For example, let’s say you walk into a store and want to buy a gift card. How do you know it’s not fake, or haven’t been used? Luckily there’s a code on the gift card, which you can enter into a website to verify if it’s still valid. Okay! It’s valid, so you buy it and walk out the store.
Unfortunately for you, the store clerk has already written down the gift card code, and shortly after you leave the store he decides to use it up, making your gift card useless. Physical gift cards, the one you hand in to a store when you use them up, don’t really have this problem, but this is unsolved for digital gift cards.
This problem, of how to transfer ownership of a code, is really the same double spending problem that cryptocurrencies pioneered a solution for. And tokens inherit this property, allowing you to buy a token based gift card and be absolutely sure that it’s unspent and that you’re the only one who can spend it.
It’s quite difficult for us humans to truly understand very big numbers, because we don’t have anything to relate them to. For example, what’s the difference between $1 billion and $1 trillion? I know that the latter is 1000 times more, but that’s just a number and I have difficulties to truly understand how large the difference is.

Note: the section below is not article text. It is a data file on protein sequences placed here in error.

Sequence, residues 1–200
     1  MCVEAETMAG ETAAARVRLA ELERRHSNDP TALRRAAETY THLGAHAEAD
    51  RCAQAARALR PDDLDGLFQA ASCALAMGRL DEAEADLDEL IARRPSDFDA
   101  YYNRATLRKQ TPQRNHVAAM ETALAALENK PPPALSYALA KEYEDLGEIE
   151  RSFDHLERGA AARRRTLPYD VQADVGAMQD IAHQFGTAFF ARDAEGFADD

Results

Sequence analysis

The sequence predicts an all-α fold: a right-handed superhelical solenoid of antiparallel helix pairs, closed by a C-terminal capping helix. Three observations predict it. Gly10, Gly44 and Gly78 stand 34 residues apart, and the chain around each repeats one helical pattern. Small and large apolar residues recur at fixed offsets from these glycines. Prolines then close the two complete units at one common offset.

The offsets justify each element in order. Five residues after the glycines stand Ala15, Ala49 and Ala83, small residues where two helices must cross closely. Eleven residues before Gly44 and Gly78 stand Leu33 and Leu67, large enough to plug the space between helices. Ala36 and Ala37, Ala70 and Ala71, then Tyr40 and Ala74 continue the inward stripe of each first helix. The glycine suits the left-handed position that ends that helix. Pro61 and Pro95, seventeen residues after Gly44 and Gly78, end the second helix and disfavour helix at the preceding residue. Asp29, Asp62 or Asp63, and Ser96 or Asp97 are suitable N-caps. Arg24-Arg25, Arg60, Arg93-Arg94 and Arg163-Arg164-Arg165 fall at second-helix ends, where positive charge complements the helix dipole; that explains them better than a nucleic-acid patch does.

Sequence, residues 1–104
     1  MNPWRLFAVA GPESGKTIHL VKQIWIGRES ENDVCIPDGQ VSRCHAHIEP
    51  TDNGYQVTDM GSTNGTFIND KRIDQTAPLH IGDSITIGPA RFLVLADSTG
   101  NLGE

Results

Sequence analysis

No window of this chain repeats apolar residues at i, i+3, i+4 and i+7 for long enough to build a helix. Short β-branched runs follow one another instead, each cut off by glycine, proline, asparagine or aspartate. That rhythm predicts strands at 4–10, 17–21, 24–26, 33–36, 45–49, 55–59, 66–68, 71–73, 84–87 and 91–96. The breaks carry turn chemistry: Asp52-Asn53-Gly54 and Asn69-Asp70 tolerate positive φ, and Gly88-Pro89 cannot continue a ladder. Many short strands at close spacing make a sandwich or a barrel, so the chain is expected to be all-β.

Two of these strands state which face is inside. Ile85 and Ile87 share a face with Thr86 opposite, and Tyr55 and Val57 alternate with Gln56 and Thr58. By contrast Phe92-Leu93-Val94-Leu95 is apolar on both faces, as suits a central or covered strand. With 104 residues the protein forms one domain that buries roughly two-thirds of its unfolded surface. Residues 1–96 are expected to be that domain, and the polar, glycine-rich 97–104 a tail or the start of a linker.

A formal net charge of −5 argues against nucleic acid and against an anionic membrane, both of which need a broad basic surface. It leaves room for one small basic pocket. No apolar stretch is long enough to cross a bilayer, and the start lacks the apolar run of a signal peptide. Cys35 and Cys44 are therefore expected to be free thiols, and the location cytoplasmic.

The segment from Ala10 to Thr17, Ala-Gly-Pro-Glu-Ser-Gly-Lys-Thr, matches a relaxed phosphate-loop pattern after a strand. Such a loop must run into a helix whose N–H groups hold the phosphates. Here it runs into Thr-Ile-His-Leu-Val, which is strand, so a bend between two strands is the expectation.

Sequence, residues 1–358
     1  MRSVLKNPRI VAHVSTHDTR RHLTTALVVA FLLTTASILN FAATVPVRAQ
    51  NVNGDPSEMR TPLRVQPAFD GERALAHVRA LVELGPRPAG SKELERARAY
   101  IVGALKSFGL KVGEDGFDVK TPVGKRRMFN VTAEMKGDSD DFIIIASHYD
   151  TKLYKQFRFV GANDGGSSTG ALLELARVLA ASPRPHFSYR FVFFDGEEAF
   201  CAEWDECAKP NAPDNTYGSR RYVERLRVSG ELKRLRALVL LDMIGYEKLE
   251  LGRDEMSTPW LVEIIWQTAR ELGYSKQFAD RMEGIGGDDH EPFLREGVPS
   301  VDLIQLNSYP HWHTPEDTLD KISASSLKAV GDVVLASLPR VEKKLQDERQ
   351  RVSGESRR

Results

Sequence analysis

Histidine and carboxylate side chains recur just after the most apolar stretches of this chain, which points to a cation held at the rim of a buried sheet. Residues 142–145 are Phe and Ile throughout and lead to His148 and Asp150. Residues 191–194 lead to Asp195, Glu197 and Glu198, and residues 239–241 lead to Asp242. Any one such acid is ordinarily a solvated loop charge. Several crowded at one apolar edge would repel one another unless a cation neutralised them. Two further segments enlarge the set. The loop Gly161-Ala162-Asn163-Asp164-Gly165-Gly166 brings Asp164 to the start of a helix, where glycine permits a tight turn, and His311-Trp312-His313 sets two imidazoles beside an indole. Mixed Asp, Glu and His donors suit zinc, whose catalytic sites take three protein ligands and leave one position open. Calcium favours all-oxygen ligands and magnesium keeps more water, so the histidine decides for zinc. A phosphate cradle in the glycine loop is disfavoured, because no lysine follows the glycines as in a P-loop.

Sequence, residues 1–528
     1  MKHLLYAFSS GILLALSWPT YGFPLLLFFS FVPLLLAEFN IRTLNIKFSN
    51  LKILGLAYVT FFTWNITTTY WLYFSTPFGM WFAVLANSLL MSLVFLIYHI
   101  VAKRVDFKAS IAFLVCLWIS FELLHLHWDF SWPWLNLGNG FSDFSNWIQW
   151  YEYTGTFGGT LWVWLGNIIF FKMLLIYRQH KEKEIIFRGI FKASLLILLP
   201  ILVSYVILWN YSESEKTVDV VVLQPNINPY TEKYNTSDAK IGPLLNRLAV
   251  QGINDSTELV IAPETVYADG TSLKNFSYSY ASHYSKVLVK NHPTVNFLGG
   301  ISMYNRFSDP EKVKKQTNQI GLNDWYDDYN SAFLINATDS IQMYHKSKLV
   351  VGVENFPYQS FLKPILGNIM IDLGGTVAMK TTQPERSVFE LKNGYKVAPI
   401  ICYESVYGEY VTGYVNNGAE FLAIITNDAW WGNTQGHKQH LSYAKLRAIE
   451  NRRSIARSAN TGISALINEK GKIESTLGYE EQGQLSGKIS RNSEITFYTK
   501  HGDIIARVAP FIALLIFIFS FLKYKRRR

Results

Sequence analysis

I think visualizations can help us compare large amounts like these, so here’s one where the small box corresponds to $100 billion and the big box corresponds to $1 trillion. (Although they may look small, the amounts are still huge.)
I bring this up just to say one thing: the value of derivatives is absolutely huge. Money, which makes the world go around, is dwarfed by the value of derivatives.
But what are derivatives?
In short, they’re a bet on the value of something. A derivative is a contract that derives its price from fluctuations of the underlying asset. This commonly include bets on stocks, bonds, currencies and commodities. Have you heard about futures, forwards, swaps and options? They’re all different types of derivatives.
We’ve already seen how cryptocurrencies can improve currencies, but other types of derivatives might also find some benefit from being based on cryptocurrency tokens.
Take stock trading, for example. They’re done through a stock exchange and intermediaries that manage the exchange. This is required because—like the problem with gift cards—there’s no way to transfer ownership in a secure way. But now there is; with tokens you could create a decentralized derivative market and trade them directly between two people, without the need for an intermediary to manage the trade.
If you wanted to, you could also create digital bearer shares, where the share of a security is given to whoever controls a specific token. (With typical bearer shares control is given to whoever holds a certain piece of paper.) They would protect the owners’ anonymity, since their identity is never recorded or required, and could be used to for example create a company controlled by anonymous people.
I’m not suggesting that all derivatives should just use tokens, in many cases this wouldn’t make sense and would only add inefficiencies to the system. But even if there’s just a very small fraction of derivatives that could benefit, due to the sheer size of the derivative market, tokens could still bring a lot of value.